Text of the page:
teaching. As a result, they achieve well. In Year 6, pupils were thoroughly engaged
    in learning about fractions and percentages in a briskly paced lesson. Relationships
    between pupils and adults are positive. Behaviour both in classrooms and around the
    school is good. Occasionally, pupils’ concentration dips in lessons when teachers talk
    Inspect ion grades: 1 is outstanding, 2 is good, 3 is sat isfactory, and 4 is inadequate
    Please turn to the glossary for a description of the grades and inspection terms
    for too long. In some lessons observed, learning was slower when pupils did not
    have sufficient time to complete tasks or those of higher ability were not suitably
    challenged. Pupils’ good relationships with others, together with rising academic
    standards, help them to be well prepared for their future.
Outcomes for individuals and groups of pupils 2

These are the grades for pupils’ outcomes

Pupils’ achievement and the extent to which they enjoy their learning
Taking into account:
Pupils’ attainment
The quality of pupils’ learning and their progress
The quality of learning for pupils with special educational needs and/or disabilities
and their progress



The extent to which pupils feel safe 2
Pupils’ behaviour 2
The extent to which pupils adopt healthy lifestyles 2
The extent to which pupils contribute to the school and wider community 2
The extent to which pupils develop workplace and other skills that will
contribute to their future economic well-being
Taking into account:
Pupils’ attendance


The extent of pupils’ spiritual, moral, social and cultural development 2

How effective is the provision?

Teachers use a good range of strategies to engage and motivate pupils, such as
practical activities and real-life scenarios. In the best lessons observed, pupils were
encouraged to work together and activities were closely matched to different
abilities. Teachers routinely share the learning intentions of the lesson and as a

result, pupils are clear about what they are going to learn. On occasion, teachers’

expectations of what higher-ability pupils can achieve in a lesson, particularly in
writing, are too low. Support staff are caring and attentive and they make a positive

contribution to pupils’ learning. Teachers use a good range of assessment strategies,
such as questioning and partner work. Pupils’ work is regularly marked with positive

comments and an indication if they have met the learning intention for the lesson.
However, pupils are not routinely provided with information about how well they are
progressing towards their termly targets. At times, errors in basic skills such as letter
formation or spellings are not picked up in teachers’ marking and this contributes to
the relative weaknesses in writing.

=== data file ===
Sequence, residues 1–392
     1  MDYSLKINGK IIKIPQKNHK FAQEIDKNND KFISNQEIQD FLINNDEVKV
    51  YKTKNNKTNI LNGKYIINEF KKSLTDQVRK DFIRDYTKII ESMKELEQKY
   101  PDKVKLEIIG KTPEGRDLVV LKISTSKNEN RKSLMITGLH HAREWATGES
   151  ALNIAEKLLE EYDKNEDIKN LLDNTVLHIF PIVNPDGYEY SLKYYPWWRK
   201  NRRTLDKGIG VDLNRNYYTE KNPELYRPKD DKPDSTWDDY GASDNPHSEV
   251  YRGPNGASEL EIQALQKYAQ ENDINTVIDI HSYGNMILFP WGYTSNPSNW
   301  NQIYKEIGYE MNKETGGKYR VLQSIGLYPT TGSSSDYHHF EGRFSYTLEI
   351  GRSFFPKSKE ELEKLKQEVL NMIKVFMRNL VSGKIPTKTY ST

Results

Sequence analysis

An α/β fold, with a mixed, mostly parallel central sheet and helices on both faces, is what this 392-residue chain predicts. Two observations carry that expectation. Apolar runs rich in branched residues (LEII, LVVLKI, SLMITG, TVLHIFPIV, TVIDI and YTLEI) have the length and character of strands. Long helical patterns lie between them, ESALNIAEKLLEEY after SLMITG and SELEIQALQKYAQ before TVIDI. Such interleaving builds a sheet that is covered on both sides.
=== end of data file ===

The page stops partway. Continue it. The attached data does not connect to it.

The curriculum is carefully designed to meet the needs and aspirations of Barcroft
pupils. Lessons in the classroom are enhanced by well-chosen visits and residential


The grades for attainment and attendance are: 1 is high; 2 is above average; 3 is broadly average;

and 4 is low

Inspect ion grades: 1 is outstanding, 2 is good, 3 is sat isfactory, and 4 is inadequate

Please turn to the glossary for a description of the grades and inspection terms

trips. For example, Year 5 pupils recently visited Llangollen to study industrial history
and the development of trade. Extra-curricular activities are popular, especially film
club and cookery club. Pupils report that they particularly enjoy participating in the
school pantomime, performed by staff and pupils for parents and carers each year.

Pupils receive good quality support, care and guidance. One parent typically

commented, ‘Both of my children love school and they are very well looked after.’

Staff know all the pupils as individuals and this is endorsed by the positive response
in the very large majority of questionnaires completed by parents and carers and in
the responses from pupils. Case studies provided by the school show successful
outcomes for potentially vulnerable pupils as a result of timely and effective
intervention and liaison with outside agencies. Pupils who attend the before- and
after-school provision and the wrap-around care are well looked after.

These are the grades for the quality of provision

The quality of teaching
Taking into account:
The use of assessment to support learning


The extent to which the curriculum meets pupils’ needs, including, where
relevant, through partnerships
The effectiveness of care, guidance and support 2

How effective are leadership and management?

The headteacher leads by example in setting out and sharing her vision. There is a
strong sense of shared ownership in moving the school forward and improving
outcomes for pupils. The school improvement plan accurately identifies areas for
improvement, but these are not consistently linked to clear measurable outcomes or
specific lines of accountability so that senior leaders and governors can track
progress over time. Subject leaders and senior leaders undertake a range of
monitoring and evaluation activities. These activities have been successful in bringing

about improvements in teaching, assessment and pupils’ achievement, but they are

not always included in the school improvement plan.
The governing body is well organised and supportive. Governors visit the school
regularly and use their expertise to benefit the pupils and fulfil their statutory duties.
The governing body consults parents and carers regularly, particularly during the

school’s move to a new site. Good child protection procedures are at the centre of
the school’s safeguarding procedures. Four staff have received the designated child